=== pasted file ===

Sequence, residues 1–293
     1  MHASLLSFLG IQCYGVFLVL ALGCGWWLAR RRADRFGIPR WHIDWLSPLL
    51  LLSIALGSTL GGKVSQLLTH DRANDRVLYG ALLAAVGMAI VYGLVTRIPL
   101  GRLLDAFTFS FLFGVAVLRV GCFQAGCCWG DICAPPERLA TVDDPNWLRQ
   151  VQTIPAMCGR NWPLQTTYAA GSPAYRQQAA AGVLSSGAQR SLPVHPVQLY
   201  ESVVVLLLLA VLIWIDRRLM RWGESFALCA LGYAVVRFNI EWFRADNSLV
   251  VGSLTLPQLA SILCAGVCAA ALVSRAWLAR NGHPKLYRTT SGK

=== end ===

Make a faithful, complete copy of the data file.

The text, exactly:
Sequence, residues 1–293
     1  MHASLLSFLG IQCYGVFLVL ALGCGWWLAR RRADRFGIPR WHIDWLSPLL
    51  LLSIALGSTL GGKVSQLLTH DRANDRVLYG ALLAAVGMAI VYGLVTRIPL
   101  GRLLDAFTFS FLFGVAVLRV GCFQAGCCWG DICAPPERLA TVDDPNWLRQ
   151  VQTIPAMCGR NWPLQTTYAA GSPAYRQQAA AGVLSSGAQR SLPVHPVQLY
   201  ESVVVLLLLA VLIWIDRRLM RWGESFALCA LGYAVVRFNI EWFRADNSLV
   251  VGSLTLPQLA SILCAGVCAA ALVSRAWLAR NGHPKLYRTT SGK